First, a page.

Holiday Gift Returns May Become Part of Your Local Dump

Five billion pounds of holiday gifts will end up being thrown in the trash, according to tech company Optoro that helps big retailers manage returns.

The returns are not only unfriendly for the environment but they are very costly for retailers. Each year, approximately $380 billion in goods are returned by consumers, of which $90 billion is processed at the time of the holiday, says Optoro.

Only 50% of the returns go back on the shelves, estimates Optoro. The remainder, due to things such as opened boxes or damages head in a different direction.

About 25% of the items are sent back to the manufacturer, while others will be sent to secondary retailers. However, many of the returns are sold for just pennies on the dollar to discounters and liquidators prior to finding a place with regional wholesalers, who then send the goods to dollar stores, pawn shops and even out of the U.S. In the end, it becomes an expensive process that retailers must take.

As soon as a product is brought back to the store, the retailer must cover the cost for assessing it and repackaging it.

An item considered “like new” or an article of clothing might be resold at full cost. However, most of the returns are damaged or used. A recent survey of retail found that less than 50% of all goods are able to be resold at their full cost.

In addition, if it costs the retailer less to throw the item out that has been returned instead of attempting to resell it, then the item is put in the trash.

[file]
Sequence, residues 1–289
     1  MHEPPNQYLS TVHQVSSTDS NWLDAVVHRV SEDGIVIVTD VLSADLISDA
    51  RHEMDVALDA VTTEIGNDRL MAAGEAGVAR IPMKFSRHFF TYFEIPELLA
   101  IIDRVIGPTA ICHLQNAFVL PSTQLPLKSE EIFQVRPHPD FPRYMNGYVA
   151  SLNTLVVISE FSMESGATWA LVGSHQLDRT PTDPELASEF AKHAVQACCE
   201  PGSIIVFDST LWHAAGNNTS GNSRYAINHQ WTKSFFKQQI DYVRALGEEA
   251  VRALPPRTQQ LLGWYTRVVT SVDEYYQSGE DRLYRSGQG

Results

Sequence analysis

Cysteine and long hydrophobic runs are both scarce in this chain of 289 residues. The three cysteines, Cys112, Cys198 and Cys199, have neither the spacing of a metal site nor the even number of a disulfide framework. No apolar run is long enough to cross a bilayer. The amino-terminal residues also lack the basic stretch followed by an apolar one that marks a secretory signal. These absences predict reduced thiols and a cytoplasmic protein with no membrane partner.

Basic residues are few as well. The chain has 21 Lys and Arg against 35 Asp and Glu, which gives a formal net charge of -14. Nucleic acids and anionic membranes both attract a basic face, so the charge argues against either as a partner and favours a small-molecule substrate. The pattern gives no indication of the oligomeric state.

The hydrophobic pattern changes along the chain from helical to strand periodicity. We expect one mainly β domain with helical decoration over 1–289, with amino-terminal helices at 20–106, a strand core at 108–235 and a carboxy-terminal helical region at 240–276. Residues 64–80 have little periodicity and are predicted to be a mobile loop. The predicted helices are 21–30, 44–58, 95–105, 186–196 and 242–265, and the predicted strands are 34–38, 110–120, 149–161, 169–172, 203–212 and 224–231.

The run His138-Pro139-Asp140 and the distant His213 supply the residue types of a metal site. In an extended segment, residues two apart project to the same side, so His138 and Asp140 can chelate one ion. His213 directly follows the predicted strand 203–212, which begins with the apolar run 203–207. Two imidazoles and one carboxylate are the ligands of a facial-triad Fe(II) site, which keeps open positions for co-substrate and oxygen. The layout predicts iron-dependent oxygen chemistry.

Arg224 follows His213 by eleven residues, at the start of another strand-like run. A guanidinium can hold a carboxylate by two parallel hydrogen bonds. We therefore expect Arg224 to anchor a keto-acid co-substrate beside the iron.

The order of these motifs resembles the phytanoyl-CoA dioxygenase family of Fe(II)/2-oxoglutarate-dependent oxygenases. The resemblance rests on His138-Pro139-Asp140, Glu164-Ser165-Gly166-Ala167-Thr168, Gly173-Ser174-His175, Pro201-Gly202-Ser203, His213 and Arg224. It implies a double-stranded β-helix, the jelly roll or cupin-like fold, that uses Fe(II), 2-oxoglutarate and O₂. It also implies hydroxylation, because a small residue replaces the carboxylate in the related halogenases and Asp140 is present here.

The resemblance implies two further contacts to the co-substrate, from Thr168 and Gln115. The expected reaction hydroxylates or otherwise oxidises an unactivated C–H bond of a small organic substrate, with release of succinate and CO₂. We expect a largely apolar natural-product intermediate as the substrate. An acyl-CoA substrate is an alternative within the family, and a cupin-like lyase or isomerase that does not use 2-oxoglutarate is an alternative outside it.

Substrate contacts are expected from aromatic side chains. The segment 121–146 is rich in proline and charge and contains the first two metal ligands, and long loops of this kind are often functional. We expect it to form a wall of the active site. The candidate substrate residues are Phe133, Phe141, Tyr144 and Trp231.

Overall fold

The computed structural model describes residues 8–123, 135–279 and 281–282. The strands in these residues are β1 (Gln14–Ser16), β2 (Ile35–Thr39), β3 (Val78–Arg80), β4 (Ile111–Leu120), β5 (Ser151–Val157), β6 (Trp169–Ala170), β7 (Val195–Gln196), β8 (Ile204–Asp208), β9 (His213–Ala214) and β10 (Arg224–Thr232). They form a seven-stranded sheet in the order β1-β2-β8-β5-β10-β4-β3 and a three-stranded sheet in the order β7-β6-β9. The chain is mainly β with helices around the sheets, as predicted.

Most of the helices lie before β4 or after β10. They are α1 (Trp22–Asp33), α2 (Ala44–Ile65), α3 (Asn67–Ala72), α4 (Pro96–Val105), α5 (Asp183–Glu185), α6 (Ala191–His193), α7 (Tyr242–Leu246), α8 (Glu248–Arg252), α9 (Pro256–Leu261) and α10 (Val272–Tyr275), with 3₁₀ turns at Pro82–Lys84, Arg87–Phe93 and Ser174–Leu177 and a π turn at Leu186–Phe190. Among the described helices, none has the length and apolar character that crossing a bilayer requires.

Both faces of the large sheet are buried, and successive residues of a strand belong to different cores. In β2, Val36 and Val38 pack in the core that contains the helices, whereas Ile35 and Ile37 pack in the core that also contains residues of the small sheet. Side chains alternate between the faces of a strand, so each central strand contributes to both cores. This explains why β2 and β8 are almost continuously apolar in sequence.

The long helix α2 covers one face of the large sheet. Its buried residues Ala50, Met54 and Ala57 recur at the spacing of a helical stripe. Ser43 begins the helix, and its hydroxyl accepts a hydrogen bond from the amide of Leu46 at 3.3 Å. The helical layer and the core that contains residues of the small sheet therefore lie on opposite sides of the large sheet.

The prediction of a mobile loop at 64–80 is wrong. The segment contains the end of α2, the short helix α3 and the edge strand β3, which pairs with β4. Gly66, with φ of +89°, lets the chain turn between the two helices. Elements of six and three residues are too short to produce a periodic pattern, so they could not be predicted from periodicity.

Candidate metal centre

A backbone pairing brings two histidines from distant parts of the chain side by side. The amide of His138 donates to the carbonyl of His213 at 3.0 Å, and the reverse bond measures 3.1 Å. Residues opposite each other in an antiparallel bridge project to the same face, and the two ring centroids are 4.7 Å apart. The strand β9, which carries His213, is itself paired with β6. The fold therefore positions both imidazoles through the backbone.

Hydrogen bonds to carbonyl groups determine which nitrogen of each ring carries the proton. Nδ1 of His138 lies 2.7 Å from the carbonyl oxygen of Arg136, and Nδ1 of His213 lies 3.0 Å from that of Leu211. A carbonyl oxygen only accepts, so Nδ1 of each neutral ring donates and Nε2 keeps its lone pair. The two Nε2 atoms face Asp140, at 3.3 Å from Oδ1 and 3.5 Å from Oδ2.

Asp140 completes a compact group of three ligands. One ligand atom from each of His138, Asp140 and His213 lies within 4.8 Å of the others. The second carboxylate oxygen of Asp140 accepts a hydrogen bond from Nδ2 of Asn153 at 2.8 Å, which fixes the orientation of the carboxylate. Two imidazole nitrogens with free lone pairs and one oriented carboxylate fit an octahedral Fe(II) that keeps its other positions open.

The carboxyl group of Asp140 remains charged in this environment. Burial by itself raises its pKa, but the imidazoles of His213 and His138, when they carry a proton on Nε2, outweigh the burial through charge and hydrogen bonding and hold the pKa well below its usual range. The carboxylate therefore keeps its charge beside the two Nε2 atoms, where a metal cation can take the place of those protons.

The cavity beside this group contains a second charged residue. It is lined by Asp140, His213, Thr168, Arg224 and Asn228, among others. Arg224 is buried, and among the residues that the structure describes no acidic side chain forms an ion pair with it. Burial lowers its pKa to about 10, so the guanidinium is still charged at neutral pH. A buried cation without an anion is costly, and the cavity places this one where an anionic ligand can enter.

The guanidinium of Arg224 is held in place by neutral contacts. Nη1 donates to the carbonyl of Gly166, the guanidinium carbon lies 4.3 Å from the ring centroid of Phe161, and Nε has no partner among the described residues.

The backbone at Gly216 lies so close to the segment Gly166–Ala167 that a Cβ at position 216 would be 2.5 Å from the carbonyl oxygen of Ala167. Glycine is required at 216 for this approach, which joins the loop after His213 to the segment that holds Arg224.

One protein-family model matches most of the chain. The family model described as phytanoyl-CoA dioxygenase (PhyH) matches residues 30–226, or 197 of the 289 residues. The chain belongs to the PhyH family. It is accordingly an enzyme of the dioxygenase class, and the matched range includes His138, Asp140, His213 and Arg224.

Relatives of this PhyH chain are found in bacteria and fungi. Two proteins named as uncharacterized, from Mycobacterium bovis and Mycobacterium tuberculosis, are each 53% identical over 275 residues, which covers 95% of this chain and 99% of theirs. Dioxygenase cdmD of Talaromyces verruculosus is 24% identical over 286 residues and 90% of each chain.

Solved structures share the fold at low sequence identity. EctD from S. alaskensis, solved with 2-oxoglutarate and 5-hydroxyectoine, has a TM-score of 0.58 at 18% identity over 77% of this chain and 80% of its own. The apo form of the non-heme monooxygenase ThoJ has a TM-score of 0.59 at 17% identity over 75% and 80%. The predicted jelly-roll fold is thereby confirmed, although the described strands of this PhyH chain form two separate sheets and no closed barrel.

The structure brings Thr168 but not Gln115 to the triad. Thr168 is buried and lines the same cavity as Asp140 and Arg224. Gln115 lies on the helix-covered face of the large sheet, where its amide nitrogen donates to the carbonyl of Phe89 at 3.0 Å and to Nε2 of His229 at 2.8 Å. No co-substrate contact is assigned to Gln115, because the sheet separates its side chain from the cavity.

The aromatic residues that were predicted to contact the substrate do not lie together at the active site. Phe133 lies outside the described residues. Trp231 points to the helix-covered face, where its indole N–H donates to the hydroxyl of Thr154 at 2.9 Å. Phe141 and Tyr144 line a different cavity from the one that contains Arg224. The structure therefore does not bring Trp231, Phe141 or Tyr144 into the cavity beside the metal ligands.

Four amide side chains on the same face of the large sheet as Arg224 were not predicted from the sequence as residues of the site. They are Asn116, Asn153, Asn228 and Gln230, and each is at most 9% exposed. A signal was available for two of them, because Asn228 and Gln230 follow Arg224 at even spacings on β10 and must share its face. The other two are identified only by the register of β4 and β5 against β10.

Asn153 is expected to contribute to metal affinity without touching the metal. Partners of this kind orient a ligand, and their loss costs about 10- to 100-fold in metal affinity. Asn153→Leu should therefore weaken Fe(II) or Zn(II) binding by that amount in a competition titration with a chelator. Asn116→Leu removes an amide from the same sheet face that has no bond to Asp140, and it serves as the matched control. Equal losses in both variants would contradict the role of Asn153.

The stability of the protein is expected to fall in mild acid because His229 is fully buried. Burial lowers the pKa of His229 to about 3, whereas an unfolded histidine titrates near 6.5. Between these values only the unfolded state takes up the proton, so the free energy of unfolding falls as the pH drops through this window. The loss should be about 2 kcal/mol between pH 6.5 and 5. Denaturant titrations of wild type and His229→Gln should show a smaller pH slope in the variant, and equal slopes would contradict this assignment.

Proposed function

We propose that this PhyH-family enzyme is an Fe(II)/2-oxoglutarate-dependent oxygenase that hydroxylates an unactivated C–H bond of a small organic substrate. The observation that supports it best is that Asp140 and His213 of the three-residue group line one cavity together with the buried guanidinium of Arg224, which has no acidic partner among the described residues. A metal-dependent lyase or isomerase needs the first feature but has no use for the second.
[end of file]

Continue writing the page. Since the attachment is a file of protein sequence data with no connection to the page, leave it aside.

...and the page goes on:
The returns process is even more complicated due to the increase of shopping online. It is estimated by the National Retail Federation that between 15% and 30% of items purchases online are returned which equal about $32 billion.

Many retailers focused on building the technology and the logistics to handle sales online ignored some problems that were created from growth in e-commerce, said the Optoro CEO and co-founder Tobin Moore.

Retailers have been hit hard in the pocketbook from the changes in consumers’ habits and their expectations.

As people become more comfortable purchasing clothing online and returning ones that are not the right size, the volume of online sales returns surges, creating more transportation problems, said the CEO.

It is positive on one side for retailers that consumers are buying goods online knowing a risk is involved, but for retailers it is not the easiest thing to resolve when returns start piling up.

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